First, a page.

‘To bring about social change, challenge masculinity’

Published: April 13, 2012

Masculinity, mediated through complex social relations, is not merely oppressive towards women but also towards men who do not deviate from the dominant notions and practices of their own social and cultural settings.

Speakers at a seminar on Thursday acknowledged that the role of masculinity in relation to gender issues has not been adequately explored.

The discussion held at Quaid-e-Azam University was based on the research work produced under the South Asian Network to Address Masculinities (SANAM) fellowship programme, according to a statement released by the university.

Fellows from the regionally-run programme presented research projects that attempted to explore and understand the intersections of masculinities with pop culture, media, sexuality, violence, migration and ethnicity.

Titled ‘Understanding Masculinities: Culture, Politics and Social Change’, the programme aimed to build a pool of men, women and transgendered people from South Asia to challenge masculinities in different social settings through development interventions, media practices, research and trainings.

The seven Pakistani fellows shared insights gleaned from their research. Ahmed Zeb discussed the pressures and expectations of Pakhtun men from his case study. Adeel Pathan highlighted how nationalistic masculinities play out through the media, using Veena Malik as a casestudy. Arasala Khan presented a fascinating picture of masculinity in Pastho Poetry of the Gharaa tradition and how it can fuel long lasting feuds.

Research papers were commented upon and critiqued by a number of distinguished researchers like Neelam Hussain, Night Said Khan, Dr Farzana Bari, Tahir Khilji, and Kausar S Khan. SANAM will be announcing the next round of fellowship in June 2012.

Earlier, College of Youth Activism and Development Director Raziq Fahim, in his opening remarks, stated that “violence is the language in which genders communicate, with mostly men having the right to speak”.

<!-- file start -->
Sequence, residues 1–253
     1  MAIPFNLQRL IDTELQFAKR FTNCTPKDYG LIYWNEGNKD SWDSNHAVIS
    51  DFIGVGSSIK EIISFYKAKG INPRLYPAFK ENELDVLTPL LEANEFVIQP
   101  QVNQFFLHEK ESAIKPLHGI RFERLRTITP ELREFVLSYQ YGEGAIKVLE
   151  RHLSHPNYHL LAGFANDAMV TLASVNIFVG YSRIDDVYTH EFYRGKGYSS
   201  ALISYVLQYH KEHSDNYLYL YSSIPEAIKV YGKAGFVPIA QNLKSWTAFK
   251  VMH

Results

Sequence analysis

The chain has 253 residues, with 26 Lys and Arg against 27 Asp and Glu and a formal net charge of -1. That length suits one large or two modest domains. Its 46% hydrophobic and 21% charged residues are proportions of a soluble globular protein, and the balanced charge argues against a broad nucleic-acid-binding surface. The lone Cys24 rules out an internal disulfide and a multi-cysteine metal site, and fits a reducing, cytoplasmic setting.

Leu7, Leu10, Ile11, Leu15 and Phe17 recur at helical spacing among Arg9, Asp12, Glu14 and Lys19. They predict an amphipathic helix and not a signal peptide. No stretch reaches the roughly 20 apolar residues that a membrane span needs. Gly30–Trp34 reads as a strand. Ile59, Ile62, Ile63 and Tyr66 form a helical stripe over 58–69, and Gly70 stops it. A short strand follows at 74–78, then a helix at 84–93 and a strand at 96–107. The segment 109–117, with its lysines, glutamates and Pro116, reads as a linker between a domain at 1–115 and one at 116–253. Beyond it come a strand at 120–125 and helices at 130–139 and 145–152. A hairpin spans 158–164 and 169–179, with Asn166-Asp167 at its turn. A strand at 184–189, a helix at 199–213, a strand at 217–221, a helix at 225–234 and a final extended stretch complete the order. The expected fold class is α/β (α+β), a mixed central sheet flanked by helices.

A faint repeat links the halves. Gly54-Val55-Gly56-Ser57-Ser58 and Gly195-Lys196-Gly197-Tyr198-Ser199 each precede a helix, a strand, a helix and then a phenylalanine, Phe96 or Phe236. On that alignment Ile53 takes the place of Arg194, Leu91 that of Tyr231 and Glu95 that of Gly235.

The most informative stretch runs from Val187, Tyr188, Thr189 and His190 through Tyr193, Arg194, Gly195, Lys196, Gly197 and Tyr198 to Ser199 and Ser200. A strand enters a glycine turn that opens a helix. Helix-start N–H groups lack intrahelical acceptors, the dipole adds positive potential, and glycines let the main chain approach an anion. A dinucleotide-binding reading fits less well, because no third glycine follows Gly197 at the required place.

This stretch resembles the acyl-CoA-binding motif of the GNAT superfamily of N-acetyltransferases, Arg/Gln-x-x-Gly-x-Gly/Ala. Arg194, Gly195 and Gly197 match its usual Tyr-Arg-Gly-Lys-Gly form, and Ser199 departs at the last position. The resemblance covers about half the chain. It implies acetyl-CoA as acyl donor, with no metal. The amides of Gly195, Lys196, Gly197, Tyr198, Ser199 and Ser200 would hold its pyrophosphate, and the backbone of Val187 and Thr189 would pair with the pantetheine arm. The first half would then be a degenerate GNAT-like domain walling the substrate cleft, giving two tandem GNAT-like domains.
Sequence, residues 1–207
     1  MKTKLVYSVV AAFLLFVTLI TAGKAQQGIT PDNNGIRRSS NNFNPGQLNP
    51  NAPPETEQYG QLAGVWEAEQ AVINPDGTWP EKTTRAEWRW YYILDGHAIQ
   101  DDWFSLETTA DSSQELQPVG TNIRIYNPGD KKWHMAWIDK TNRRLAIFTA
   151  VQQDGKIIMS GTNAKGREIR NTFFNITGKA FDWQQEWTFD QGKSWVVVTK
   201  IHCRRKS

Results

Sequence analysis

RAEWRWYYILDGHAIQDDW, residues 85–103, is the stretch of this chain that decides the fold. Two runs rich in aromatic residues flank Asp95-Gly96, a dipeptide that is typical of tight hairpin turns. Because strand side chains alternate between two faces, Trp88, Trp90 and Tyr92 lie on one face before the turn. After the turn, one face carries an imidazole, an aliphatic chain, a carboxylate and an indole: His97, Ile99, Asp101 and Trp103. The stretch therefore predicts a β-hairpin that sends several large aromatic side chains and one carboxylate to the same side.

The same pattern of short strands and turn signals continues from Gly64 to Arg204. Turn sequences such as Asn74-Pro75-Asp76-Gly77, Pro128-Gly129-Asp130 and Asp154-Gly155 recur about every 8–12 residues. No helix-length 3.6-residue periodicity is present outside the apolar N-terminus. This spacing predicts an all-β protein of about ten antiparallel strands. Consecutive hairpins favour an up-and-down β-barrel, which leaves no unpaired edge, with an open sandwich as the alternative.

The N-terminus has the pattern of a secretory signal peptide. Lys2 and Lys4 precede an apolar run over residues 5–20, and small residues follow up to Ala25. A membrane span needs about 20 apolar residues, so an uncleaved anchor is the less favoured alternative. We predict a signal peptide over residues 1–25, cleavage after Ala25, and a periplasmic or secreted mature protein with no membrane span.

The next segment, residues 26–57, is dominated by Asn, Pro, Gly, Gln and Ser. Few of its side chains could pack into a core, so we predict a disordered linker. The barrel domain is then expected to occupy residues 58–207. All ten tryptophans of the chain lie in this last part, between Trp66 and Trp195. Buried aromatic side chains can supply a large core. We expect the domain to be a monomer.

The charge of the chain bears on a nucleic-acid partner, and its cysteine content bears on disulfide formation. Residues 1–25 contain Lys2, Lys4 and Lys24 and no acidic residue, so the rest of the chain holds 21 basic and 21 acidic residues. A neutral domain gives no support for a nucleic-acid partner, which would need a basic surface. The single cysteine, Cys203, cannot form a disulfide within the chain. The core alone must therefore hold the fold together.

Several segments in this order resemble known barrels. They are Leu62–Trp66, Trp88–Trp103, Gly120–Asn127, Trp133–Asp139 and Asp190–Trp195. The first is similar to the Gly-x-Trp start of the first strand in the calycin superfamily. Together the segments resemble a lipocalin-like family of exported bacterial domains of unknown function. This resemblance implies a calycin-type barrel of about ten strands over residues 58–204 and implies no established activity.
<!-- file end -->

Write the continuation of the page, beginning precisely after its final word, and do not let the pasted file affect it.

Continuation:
He added that masculinity, mediated through complex social relations, is not merely oppressive towards women but also towards men who do not deviate from the dominant notions and practices of their own social and cultural settings.

The seminar was jointly organised by SANAM, in collaboration with Men Engage Pakistan.

Published in The Express Tribune, April 13th, 2012.

Reader Comments (2)

  • Nobody
    Apr 13, 2012 - 7:19AM

    So true. Using a simple and albeit elementary example here, how often do we see men struggling with emotions because men in most societies are not supposed to be expressive emotionally? I’ve seen so many male friends of mine unable to open up and talk about whatever’s going on in their life, be it small or big, simply because society doesn’t typically encourage men to do so. The rules for how manly men are supposed to behave can be awfully rigid and any guy who strays too far from it is often hit with a barrage of labels and stereotypes (na-mard, gay, wuss, p*, and the like). This type of labeling puts pressure on guys to always behave like alpha males, without much room to stray. Both gender roles need some revamping, especially in a society such as Pakistan, where the gap is so gargantuan.

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  • Asad
    Apr 13, 2012 - 10:57AM

    Using veena mailk as a case study just about sums up the seriousness of this seminar.

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